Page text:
Central Banks Digital Currencies: World Experience

505
DOI: 10.20542/0131-2227-2021-65-5-68-77
St. Petersburg State University, 62, Chaykovskogo Str., St. Petersburg, 191123, Russian Federation

Received 28.07.2020.

Abstract. The article examines issues related to the introduction of central bank digital currencies (CBDC) for retail payments and wholesale settlements. The study defines and classifies central bank digital currencies, researches the main models of CBDC systems. The article also analyzes the features of various national projects for issuing Central bank digital currencies. The paper uses methods of economic-statistical and functional-structural analysis. The study concludes that CBDC are a new form of central bank money. Digital currencies can be issued in various issuing systems for the purpose of retail payments or wholesale settlements. Among the models of CBDC systems for retail payments (R-CBDC) the direct system model is the most attractive for its simplicity. This model eliminates the dependence of the Central bank on any financial and payment intermediaries. Models of synthetic and hybrid R-CBDC systems are characterized by reliability and speed in processing multiple transactions which makes them the most promising for implementation. Among the models of CBDC systems for wholesale payments (W-CBDC) the model of the system with a universal digital currency (U-W-CBDC) may be the most suitable for eliminating the main disadvantages of modern cross-border payment systems. However, a large number of technological and financial changes as well as the high operating costs of the U-W-CBDC can make such systems difficult to implement for non-developed financial market infrastructure countries. National financial regulators have different motivations for issuing digital currencies. The main advantages of digital currencies for retail payments may consist in providing users with highly liquid, low-risk, universally available means of payment. The main advantages of wholesale digital currencies are that they offer faster, safer, cheaper cross-border payments. The most advanced projects for issuing R-CBDC can be considered DCEP (People’s Bank of China) E-krona (Central Bank of Sweden). The most successful pilot projects for issuing W-CBDC are the projects Jasper (Central Bank of Canada) and Ubin (Monetary Authority of Singapore), which were able to achieve interoperability in conducting cross-border payments. Currently most CBDC are retail based on the use of distributed ledger technology and implemented in the form of DLT-tokens. Countries that develop digital currency systems can be divided into three groups. The first group is countries where the introduction of CBDC can be designed to support the national demand for central bank money (Sweden, Norway, Singapore, etc.). The second group – countries for which the adoption of digital currencies can afford to keep the place of national currencies in international settlements (USA and EU) or expanding the use of national currencies at the international level (China). The third group represents countries for which the introduction of digital currencies may be associated with the control of national monetary circulation and de-dollarization of the financial system (Uruguay, South Africa, Cambodia, etc.).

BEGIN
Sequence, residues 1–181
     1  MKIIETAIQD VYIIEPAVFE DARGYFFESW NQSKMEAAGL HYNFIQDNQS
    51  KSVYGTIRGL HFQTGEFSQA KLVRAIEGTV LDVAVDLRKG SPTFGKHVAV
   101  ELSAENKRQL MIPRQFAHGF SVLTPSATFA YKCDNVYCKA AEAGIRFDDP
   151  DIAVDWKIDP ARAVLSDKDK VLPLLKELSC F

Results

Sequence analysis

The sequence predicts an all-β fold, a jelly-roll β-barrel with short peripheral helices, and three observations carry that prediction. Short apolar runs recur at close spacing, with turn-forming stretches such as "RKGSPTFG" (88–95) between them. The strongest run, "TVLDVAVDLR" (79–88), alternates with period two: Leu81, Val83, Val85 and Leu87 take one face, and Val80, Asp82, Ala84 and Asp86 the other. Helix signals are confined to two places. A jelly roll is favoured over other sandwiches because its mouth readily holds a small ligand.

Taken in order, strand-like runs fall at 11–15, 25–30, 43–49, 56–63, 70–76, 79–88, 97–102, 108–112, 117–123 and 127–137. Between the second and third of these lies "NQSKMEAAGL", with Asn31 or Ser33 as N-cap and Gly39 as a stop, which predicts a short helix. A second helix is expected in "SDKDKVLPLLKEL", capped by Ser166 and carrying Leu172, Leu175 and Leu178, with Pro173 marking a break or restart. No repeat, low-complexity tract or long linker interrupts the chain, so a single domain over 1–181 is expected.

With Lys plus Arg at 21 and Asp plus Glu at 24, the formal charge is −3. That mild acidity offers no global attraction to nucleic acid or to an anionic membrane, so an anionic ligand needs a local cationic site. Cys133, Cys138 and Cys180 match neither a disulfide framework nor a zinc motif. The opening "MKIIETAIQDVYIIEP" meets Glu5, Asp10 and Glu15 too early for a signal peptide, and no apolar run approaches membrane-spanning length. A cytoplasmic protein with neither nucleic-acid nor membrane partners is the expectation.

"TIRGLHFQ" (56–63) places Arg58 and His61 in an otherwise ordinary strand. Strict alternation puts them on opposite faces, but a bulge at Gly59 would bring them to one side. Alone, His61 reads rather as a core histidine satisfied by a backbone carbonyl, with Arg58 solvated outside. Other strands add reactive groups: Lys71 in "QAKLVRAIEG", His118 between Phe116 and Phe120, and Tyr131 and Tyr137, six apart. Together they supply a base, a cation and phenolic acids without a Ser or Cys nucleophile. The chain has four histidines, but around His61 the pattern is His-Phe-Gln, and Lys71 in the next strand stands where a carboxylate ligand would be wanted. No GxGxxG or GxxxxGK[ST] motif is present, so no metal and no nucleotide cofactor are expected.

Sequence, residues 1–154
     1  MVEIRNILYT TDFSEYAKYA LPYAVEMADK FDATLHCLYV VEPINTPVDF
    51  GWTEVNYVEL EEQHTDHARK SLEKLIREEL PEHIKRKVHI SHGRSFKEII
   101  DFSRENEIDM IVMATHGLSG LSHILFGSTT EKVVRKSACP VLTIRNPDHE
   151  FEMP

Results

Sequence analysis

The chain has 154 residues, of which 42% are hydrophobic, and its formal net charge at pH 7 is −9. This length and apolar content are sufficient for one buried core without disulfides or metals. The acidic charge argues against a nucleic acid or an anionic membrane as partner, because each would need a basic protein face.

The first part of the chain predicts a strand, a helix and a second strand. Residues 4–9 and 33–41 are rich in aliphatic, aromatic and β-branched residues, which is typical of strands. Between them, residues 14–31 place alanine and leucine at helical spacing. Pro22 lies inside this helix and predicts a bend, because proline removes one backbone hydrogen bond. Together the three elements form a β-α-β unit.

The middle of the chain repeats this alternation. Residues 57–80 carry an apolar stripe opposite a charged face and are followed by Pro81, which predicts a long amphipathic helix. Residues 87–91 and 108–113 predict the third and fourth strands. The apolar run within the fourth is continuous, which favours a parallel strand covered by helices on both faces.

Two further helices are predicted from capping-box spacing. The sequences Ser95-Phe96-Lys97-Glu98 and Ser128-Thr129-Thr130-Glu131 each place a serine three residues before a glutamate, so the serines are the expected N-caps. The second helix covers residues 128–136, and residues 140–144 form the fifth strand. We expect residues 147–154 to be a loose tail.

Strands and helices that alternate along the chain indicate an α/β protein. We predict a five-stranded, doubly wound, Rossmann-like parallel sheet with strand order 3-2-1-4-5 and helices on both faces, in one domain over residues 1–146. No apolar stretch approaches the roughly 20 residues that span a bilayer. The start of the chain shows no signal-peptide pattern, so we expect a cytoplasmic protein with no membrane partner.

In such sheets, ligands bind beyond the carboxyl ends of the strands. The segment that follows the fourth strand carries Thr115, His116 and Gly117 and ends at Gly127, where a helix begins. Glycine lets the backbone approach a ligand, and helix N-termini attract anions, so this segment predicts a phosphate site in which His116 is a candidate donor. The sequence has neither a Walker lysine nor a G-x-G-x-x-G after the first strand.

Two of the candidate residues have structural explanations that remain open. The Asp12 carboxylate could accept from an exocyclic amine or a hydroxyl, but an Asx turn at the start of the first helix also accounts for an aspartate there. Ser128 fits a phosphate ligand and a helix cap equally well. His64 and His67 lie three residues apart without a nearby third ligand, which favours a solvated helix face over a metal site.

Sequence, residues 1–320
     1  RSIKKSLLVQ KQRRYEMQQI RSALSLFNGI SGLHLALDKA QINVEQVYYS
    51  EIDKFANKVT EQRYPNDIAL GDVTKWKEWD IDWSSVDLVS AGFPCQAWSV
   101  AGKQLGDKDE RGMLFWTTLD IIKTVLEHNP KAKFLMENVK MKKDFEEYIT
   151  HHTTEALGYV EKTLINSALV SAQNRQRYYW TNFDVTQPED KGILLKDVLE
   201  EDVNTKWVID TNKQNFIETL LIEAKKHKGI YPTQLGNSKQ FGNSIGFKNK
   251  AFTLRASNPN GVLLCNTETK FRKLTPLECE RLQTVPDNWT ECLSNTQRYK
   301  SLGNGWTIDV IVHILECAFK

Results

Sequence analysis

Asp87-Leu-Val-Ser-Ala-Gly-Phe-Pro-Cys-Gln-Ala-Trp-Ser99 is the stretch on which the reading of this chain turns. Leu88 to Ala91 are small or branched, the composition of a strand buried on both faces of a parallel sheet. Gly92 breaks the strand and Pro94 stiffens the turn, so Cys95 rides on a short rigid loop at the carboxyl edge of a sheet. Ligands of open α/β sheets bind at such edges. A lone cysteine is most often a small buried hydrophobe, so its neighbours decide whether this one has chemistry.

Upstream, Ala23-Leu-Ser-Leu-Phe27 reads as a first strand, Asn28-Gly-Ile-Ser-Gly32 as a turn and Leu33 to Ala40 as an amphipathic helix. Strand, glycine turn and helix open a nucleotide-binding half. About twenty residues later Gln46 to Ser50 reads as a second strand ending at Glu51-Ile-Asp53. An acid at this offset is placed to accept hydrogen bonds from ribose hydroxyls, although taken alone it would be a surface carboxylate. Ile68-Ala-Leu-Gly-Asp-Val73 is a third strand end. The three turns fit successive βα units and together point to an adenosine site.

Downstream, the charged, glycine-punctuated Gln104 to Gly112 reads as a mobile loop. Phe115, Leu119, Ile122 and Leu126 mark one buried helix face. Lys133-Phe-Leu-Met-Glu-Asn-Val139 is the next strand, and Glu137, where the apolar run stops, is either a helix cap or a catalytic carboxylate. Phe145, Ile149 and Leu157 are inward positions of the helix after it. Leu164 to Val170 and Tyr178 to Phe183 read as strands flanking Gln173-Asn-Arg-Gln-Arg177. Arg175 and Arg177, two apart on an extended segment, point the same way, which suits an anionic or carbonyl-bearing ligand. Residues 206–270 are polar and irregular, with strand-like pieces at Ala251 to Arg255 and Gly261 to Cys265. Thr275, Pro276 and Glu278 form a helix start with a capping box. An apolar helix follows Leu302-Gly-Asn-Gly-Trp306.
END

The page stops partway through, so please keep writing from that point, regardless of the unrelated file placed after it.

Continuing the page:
Keywords: central banks, digital currencies, cryptocurrencies, models of digital currencies systems, retail payments, wholesale settlements


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For citation:
Kochergin D. Central Banks Digital Currencies: World Experience. World Eonomy and International Relations, 2021, vol. 65, no. 5, pp. 68-77. https://doi.org/10.20542/0131-2227-2021-65-5-68-77



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